Michael Hiltzik: Wall Street sings the same old song
The basic principle of parenting is that grown-ups should manage their children's lives (up to a point)because their maturity and resistance to short-term temptations make them better judges of the kids' welfare than the kids themselves.
As my Wednesday column observes, the same phenomenon has been displayed over the decades in the field of government regulation. The government, generally reflecting the wishes of the voters, proposes a program such as bank deposit insurance. The banks resist; the FDIC turns out to be the best medicine for restoring confidence. Government proposes to require quarterly financial reports from public companies. CEOs kick at the expense; disclosure turns out to be the key to good companies gaining access to the capital markets.
The list is endless, and business never learns.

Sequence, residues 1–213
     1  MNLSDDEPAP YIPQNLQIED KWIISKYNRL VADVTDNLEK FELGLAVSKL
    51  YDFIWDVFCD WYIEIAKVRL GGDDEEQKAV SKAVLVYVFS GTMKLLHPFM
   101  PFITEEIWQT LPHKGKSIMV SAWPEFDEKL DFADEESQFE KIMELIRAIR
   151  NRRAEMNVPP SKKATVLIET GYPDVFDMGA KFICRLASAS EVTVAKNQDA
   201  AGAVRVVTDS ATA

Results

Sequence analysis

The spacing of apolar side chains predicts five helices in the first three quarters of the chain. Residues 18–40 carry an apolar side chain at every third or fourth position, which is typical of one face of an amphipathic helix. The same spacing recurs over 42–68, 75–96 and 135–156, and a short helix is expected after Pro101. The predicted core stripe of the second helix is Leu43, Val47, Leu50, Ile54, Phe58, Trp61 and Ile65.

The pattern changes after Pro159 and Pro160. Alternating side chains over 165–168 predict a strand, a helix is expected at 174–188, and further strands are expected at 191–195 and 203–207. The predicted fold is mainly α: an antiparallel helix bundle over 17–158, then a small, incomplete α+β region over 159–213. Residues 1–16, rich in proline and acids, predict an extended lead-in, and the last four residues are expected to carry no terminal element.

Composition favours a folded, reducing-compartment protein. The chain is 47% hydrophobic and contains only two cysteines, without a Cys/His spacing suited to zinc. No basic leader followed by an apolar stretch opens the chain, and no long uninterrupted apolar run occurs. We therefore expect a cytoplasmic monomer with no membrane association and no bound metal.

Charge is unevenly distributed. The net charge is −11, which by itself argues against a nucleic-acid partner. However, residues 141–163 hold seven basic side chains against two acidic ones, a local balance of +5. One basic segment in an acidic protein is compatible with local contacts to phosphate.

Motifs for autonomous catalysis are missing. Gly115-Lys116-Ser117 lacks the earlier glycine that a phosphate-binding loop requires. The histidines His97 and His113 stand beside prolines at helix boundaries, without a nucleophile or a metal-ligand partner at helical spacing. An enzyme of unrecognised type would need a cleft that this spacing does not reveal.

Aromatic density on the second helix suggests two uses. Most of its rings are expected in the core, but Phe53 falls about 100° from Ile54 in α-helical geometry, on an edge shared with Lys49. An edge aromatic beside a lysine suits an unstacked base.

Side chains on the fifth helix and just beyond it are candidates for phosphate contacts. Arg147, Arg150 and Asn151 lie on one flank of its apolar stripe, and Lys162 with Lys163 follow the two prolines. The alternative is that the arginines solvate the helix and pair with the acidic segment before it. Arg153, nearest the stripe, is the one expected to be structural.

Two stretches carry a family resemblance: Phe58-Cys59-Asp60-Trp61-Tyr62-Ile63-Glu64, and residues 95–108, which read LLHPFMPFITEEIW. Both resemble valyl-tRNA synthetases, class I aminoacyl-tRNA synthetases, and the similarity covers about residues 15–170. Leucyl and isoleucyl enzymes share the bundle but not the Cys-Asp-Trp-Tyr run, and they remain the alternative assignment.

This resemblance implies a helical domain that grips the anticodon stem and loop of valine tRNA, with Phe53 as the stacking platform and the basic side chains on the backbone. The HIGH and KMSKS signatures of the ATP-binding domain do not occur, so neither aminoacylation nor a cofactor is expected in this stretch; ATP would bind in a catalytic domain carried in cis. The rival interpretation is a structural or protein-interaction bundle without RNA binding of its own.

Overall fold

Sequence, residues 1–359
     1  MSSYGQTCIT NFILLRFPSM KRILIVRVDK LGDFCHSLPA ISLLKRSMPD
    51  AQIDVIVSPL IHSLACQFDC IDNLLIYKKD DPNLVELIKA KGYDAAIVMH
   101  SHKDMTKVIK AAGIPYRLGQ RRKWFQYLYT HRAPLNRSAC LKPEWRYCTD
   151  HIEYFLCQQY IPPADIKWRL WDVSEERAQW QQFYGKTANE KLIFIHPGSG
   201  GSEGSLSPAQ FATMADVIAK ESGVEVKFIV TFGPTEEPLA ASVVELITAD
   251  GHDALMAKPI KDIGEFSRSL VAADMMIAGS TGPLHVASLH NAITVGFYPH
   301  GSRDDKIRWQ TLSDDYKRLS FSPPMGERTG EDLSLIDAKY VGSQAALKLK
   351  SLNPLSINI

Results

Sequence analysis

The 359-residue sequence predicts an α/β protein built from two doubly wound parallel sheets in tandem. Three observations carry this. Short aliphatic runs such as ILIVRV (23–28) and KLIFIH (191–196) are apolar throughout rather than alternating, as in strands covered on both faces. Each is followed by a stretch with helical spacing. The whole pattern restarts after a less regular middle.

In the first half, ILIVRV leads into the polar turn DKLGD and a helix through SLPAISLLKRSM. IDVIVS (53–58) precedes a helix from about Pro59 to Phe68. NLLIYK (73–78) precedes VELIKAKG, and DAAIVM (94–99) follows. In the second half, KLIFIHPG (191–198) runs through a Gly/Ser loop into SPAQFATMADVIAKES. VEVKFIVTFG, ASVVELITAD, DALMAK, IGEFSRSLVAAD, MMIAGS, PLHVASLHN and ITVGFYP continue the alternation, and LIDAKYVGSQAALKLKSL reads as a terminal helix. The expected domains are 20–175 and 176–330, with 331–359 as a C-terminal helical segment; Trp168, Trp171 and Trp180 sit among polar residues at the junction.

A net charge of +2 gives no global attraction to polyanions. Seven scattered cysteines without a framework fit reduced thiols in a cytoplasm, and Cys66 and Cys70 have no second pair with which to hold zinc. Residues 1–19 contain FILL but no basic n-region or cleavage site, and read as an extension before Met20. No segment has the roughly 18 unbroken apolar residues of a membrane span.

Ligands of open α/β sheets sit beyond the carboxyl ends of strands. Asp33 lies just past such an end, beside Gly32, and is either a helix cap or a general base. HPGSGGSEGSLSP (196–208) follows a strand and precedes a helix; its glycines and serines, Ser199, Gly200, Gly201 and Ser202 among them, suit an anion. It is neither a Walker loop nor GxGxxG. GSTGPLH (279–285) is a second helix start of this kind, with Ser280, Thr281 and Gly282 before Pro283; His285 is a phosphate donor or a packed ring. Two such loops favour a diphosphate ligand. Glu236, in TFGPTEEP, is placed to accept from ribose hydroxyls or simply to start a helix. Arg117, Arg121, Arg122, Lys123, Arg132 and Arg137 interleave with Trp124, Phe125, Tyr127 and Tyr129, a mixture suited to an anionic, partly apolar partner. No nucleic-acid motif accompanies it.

The transcript of Thomas G. Corcoran's "too many sinners" appearance is here.
A copy of Richard Whitney's letter to FDR complaining about the Securities Exchange Act is here.
The column starts below.
Every time I hear a big industry crab about how some new set of government regulations will mean the end to life as we know it, bring the economy crashing down around our heads, or burden the consumer with more passed-on costs, I think of the smartest words Ronald Reagan ever spoke.
They were: "There you go again."
Reagan and I wouldn’t have seen eye to eye on much, but this phrase sums up my exact reaction to the arguments by the financial industry and its chums in Washington against the financial regulation bill now before Congress.
It’s not just that they’re opposed to any new initiatives -- that’s just industry doing what comes naturally. It’s the dismal sameness of the arguments, decade after decade, that gets to me.
The bankers’ brief against regulation today is that the reforms will stifle economic recovery, hamper sound investment, create an uncontrollable government bureaucracy and overburden small businesses. They also said the government regulations were unnecessary because business was perfectly capable of regulating itself.
They made exactly the same arguments in 1933 and 1934, when Congress enacted a historic round of banking, securities and stock exchange reforms.
Read the whole column.
-- Michael Hiltzik